Corey, too, has his eye on Inglis, noting he "is part of a testing team with Sam Rolph, and both of them are extremely hungry and have both been titans of the digital game for years. Tangrams (Inglis) and Phill_Hellmuth are both Magic Online names that you do not want to have to sit across from. Their dynamic work ethic mixed with their tight play really reminds me of the duo from 2008, FFFreak (Brad Nelson) and Wrapter (future Hall of Famer Josh Utter-Leyton). They are the next generation, and they are here to stay."

If Corey's right, that's good news for Maria, who would like to see Rolph do well for somewhat partisan reasons. "If Rolph's at the top of the standings, we get to see the red dragon flag of Wales next to his name. That's enough of a reason for me!"

"Jan Merkel's high finishes of late got him here, but further they show that he wasn't a flash in the pan way back in 2006 (when he won Pro Tour Kobe)," Marshall said. "Few players have been relevant with such a long time frame between top finishes."

Looking from a historical perspective, but this time with a capital H, Historic has been shaken up once again. Will the suspension of Brainstorm "reset" Historic to the way it was just before the Strixhaven Championship, or will the format have moved on to a new position before Jumpstart: Historic Horizons arrives?

"Not only will the decks that were essentially built around Brainstorm be severely compromised (or even just gone)," Marshall noted, "the decks that relied on it to smooth out sketchy mana, dig for one-of silver bullets, or find key combo pieces are going to have to re-evaluate if they are still up to snuff."

But Luis and Corey still look toward the Mystical Archives.

"There will be some changes from the pre-Brainstorm era, thanks to the other powerful Mystical Archive cards (Memory Lapse, Mizzix's Mastery)," Luis said, "but we will see a return to old favorites like Jund Food and Goblins. And, if we are lucky, Omniscience Ultimatum."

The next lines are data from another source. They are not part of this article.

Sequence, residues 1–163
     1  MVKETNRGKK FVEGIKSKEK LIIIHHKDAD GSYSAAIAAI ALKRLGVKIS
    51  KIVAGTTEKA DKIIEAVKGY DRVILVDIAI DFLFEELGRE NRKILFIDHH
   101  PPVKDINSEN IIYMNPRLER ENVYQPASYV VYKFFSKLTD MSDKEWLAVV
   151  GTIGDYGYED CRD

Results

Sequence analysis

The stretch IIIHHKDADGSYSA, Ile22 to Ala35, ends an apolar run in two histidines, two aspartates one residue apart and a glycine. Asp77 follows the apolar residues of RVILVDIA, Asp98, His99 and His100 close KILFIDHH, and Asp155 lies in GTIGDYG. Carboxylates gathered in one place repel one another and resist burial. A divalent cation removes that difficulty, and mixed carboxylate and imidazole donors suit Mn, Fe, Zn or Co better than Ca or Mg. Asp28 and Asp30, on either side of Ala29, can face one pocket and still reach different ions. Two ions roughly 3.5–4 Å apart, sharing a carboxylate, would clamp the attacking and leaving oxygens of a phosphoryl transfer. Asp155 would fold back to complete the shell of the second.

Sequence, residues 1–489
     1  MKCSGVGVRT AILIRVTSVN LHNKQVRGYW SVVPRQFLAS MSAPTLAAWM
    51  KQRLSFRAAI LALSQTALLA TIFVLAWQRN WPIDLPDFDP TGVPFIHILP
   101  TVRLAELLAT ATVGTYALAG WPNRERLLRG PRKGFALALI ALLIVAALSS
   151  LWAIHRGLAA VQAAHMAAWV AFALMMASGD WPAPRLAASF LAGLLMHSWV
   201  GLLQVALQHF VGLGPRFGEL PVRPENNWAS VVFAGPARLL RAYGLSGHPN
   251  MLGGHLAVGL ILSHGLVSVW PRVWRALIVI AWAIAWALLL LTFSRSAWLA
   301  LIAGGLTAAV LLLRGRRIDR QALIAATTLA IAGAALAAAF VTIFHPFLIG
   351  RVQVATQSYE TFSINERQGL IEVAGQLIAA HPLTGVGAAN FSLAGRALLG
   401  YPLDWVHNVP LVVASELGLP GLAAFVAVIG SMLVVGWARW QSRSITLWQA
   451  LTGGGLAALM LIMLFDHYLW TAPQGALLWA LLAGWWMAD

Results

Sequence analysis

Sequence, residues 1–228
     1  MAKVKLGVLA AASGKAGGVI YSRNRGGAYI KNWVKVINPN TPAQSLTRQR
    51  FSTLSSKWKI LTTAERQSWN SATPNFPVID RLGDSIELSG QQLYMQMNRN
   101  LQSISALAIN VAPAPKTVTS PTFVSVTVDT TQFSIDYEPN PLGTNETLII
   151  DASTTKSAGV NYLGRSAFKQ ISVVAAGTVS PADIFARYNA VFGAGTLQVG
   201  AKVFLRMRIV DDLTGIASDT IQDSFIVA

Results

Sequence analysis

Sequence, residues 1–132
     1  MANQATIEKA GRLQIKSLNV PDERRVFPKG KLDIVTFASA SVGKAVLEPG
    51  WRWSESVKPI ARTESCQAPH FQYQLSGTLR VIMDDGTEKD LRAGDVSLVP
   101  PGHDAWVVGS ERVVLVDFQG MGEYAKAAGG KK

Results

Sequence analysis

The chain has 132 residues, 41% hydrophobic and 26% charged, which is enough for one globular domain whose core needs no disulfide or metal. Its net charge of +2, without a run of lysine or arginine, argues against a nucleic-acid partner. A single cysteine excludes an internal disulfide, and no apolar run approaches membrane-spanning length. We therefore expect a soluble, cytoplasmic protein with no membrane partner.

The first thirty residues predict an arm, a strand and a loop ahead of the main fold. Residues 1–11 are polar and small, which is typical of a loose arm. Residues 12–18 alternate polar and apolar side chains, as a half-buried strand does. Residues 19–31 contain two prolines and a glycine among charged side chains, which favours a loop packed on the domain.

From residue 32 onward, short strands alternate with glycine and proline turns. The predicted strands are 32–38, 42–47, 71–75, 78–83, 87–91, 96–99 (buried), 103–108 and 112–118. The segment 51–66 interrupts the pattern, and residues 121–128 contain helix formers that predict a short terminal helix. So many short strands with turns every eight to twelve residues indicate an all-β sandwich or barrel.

"Just because we have the big bad wolf of the format gone doesn't mean that the rest of the Mystical Archive cards are just going to go away peacefully," said Corey. "Memory Lapse, Faithless Looting, and Mizzix's Mastery will still be teaching us all a lesson or two come August!"

But it's still hard to move one from looking to Historic stalwarts like Jund Food.

"I think we'll see an increase in the number of hand disruption spells now that the Brainstorm decks can't protect their best cards as well," Eilidh pointed out, "but, in terms of the metagame, I think Jeskai Control, Dragonstorm, and possibly Jund Food will be pretty popular."

Mani agreed, to a degree. "There should be a resurgence in decks like Orzhov Auras and Jund Food, but Strixhaven gave decks like Izzet Phoenix, Jeskai Control, and Dragonstorm plenty of tools to work with past Brainstorm. I would not count those decks out quite yet."

Magic has always been a game of small edges, and what lies behind a successful campaign is often incredibly complex. So, it's no surprise that our casters produced a wide variety of answers when we posed the eternal question, "What is the single most important attribute a player can have to succeed at an event like the Gauntlet?"